Dot-To-Dot has made a name for itself as a budget festival with a budget line-up, and the 2011 edition of the festival, held across a number of venues in three cities, sticks to this tradition. With an advance ticket price of £25 for a full day and night of music it is one of the least taxing 'name' festivals in the country, however it is also one of the least inspiring, and sees a continuation of the ever dwindling line-up quality that has plagued Dot-To-Dot for the last few years.
Hurts are the only band that could realistically headline the largest venues used for the festival, with Guillemots and We Are Scientists still clutching to reputations earned many moons ago. Both remain energetic live bands that will no doubt provide entertaining sets, but their status as two of the days main draws highlight the lack of ambition of the event.
An interesting undercard of up-and-coming artists is always the backbone of Dot-To-Dot, and although this has experienced a similar decline in quality there are still many attractions. Montreal, Quebec's 'Braids' recently played their first shows in the country supporting The Antlers and dazzled with a hallucinogenic haze of smouldering electronics driven by Raphaelle Standell-Preston's playful whisper-quiet coos. Fans of Animal Collective and A Sunny Day In Glasgow will find joy in their début album "Native Speaker", and even more so in the organic delight of their live show.
Paramount Styles's rolling Americana, a world away from lead vocalist Scott McCloud's previous project Girls Against Boys, offers an easy entry into the days proceedings, and a contrast to the caterwauling glitter-punk of Dananananakroyd that shows there is still a wealth of variety present across the line-up.
Elsewhere, the unfortunately named Wolf Gang (no relation to blog-darlings OFWGKTA), have started to make waves with a brand of NME friendly indie rock that would see them sit as a perfect support for headliners Hurts and the ridiculously named Nottingham natives SWIMMInG have perfected a blend of restrained and knowingly epic post-pop that has seen them gain unexpected bedfellows live review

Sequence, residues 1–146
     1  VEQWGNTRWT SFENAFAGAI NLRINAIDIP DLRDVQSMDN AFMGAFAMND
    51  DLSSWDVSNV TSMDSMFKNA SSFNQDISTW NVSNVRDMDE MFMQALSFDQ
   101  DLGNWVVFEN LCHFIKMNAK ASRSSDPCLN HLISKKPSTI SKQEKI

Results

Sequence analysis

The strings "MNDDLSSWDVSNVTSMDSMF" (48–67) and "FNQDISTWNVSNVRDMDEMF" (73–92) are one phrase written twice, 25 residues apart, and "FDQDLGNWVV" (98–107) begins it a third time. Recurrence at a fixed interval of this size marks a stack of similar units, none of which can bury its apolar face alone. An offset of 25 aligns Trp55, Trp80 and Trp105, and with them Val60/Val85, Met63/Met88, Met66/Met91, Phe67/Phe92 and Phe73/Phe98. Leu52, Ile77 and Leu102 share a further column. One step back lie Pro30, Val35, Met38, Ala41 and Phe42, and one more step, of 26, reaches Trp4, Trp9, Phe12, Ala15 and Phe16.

The festival has geared itself further to giving a platform in 2011, whether this is a genuine attempt at supporting the local music scene or merely a cost-saving exercise. Spotlight Kid are the pick of the Nottingham-only offerings, one of the only 'shoegaze' artists truly breathing new life into the increasingly tired template, whilst Frontiers are a strong shout for big things in the future. Meanwhile, in Bristol SJ Esau is the pick of the bunch, someone who should have long outgrown the stigma of being a promising long-artist after his acclaimed debút on Anticon.
When day becomes night the festival has more treasures to offer, with the gritty future-grime of Becoming Real and Hyetal's blissed out take on dubstep giving sufficient reason to stay past the midnight hours. That the bumped-up price of seven drinks can easily eclipse the admission fee is a minor concern.
Whilst Dot-To-Dot may not put on much of a challenge to more established festivals that use a similar set-up like The Camden Crawl, Live At Leeds or The Great Escape there are (just) enough draws across the days proceedings to maintain interest, and to maintain its reputation as offering superb value for money.